Emma Loebel and Rebecca Ward, friends and juniors at Mamaroneck High School (MHS), have long been involved in community service (since they both were in sixth grade). When the Larchmont-Mamaroneck community went through a period of recession in 2008, the pair decided to combine their love of fashion and clothing with their concern for their neighbors.
This led to the creation of the Clothes Closet, now an official club at MHS. On Saturday, the Clothes Closet held its third event to give donated, gently used clothing to clients of the Mamaroneck . The event, held at , attracted dozens of clients, many of whom lined up before the doors opened for a chance at the best merchandise.
Debbie Ward and Caryn Loebel, proud mothers of Rebecca Ward and Emma Loebel, said that clients had told them the Clothes Closet is a great event that they come to each year; one woman even said she is still wearing a coat she got at the first event. Caryn Loebel said she is proud that the closet has also become the "go-to" service club for clothing-related issues.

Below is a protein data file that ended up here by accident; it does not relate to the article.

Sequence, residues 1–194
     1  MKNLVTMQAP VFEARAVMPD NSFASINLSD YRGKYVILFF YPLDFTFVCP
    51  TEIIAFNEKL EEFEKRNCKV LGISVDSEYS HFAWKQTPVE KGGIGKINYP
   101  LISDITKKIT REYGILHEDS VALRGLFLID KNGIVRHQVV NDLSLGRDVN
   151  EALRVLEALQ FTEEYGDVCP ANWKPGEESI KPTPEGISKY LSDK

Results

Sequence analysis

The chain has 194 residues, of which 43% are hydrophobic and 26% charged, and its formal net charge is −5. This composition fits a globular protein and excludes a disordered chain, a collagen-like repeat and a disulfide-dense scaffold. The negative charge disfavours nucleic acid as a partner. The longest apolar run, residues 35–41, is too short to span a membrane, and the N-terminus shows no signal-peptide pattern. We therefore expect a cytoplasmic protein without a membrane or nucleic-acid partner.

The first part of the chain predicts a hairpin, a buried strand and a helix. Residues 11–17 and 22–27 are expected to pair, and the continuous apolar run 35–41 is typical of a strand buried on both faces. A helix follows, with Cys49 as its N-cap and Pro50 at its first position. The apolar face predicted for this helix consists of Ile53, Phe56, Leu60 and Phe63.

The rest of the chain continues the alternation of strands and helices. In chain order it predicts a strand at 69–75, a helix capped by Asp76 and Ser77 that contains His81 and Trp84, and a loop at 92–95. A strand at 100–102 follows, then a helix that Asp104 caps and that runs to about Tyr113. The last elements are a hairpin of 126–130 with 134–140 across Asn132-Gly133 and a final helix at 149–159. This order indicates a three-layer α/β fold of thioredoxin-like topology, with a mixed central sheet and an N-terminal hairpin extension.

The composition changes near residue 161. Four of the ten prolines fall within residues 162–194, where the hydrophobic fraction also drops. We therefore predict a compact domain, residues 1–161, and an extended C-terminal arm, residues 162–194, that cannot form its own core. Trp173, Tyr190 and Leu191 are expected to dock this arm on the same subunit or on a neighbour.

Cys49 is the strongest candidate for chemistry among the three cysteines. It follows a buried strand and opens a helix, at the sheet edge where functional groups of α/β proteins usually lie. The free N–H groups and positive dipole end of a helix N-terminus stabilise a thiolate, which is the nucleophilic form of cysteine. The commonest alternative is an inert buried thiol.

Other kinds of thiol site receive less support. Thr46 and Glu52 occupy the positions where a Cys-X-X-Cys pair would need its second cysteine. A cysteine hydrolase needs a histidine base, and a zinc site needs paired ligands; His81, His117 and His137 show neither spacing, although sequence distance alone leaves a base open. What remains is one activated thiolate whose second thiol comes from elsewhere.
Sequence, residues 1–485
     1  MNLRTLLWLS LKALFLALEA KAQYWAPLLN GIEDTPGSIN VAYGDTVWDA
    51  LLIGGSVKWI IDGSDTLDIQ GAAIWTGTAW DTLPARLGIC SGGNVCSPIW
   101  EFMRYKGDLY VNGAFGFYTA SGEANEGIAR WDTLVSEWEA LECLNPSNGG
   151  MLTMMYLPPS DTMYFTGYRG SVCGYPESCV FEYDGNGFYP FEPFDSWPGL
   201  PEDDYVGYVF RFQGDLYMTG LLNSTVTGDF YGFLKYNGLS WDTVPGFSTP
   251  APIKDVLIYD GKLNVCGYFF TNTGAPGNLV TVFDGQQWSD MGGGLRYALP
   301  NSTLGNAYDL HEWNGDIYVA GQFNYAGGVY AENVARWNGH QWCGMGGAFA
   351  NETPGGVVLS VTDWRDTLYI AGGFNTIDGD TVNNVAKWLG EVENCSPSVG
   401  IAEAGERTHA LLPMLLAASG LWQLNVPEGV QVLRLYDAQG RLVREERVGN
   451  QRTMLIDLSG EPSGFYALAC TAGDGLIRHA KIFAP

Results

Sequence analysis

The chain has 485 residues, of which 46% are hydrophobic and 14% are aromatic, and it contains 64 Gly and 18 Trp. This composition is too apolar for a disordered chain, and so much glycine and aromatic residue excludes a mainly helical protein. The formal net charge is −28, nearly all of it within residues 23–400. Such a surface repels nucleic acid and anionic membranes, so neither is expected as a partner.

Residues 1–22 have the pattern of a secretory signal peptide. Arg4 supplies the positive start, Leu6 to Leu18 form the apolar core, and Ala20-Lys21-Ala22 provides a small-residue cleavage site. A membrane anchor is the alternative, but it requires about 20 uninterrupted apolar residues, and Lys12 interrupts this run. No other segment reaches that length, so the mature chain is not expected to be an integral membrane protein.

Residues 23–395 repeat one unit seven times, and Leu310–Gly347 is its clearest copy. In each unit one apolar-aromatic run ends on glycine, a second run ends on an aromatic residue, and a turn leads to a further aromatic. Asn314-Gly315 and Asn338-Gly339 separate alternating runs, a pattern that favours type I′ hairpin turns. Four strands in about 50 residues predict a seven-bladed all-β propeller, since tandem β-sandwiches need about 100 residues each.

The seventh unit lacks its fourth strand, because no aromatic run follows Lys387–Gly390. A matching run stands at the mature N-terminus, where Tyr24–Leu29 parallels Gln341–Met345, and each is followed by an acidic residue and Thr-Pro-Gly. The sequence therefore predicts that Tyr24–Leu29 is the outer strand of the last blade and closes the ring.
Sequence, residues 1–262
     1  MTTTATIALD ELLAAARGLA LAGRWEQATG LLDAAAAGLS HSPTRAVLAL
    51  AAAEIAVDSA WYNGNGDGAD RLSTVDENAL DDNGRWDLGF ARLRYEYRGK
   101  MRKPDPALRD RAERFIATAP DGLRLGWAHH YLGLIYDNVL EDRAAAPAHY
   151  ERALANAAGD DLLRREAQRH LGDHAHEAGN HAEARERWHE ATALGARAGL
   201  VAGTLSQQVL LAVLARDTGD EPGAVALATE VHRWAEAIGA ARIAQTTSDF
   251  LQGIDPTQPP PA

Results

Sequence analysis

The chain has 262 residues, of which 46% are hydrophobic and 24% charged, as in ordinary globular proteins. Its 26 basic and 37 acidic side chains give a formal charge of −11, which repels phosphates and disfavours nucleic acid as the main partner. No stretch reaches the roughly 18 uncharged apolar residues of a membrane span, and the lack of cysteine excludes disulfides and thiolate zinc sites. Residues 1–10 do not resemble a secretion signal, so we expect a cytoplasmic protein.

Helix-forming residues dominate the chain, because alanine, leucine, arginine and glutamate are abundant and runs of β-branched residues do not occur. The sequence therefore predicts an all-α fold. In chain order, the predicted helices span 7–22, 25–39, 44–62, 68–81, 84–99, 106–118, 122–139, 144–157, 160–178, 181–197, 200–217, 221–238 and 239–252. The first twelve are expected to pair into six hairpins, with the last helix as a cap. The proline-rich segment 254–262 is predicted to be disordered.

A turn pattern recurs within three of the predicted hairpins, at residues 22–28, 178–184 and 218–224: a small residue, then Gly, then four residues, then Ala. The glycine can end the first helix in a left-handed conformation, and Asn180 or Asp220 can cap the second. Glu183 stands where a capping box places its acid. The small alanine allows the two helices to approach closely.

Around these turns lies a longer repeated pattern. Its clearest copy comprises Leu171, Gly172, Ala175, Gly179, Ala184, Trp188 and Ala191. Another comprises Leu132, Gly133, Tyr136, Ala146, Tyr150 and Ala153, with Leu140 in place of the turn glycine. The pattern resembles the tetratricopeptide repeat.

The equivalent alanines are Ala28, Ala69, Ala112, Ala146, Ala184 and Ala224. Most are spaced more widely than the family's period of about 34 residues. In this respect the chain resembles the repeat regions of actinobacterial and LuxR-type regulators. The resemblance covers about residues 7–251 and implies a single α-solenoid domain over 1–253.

The club gets the word out by posting flyers around town soliciting donations of gently used clothing. Emma Loebel and Rebecca Ward said that this time of year is ideal for collecting clothes because people are in the midst of spring cleaning and realize they have high-quality things that they no longer want or need.
This year's event offered over 13,000 pieces of clothing, much of it of very high quality and even freshly dry cleaned.
Rebecca Ward and Emma Loebel said that over 30 students are now a member of the club. MHS freshmen Leigh Bodkin, Jessica Hill, and Grace Jarrett were also volunteering at Saturday's event, along with seniors Alec Reinlib and Bryce Loebel, Emma's brother.
Rebecca Ward and Emma Loebel recently received both a Presidential Service and Volunteer Awards from the Teens for Community organization, but they're not in it for the accolades, their mothers said. They really just want to help their neighbors as well as witness the fruits of their labor, said Caryn Loebel, rather than just dumping clothes in a collection box.
Guisela Marroquin, director of the , said the event is valuable for the volunteers as well as her clients. The event is, "meeting a need in our community," she said, "and since we are helping a neighbor, it's very accessible to people. People certainly look forward to it."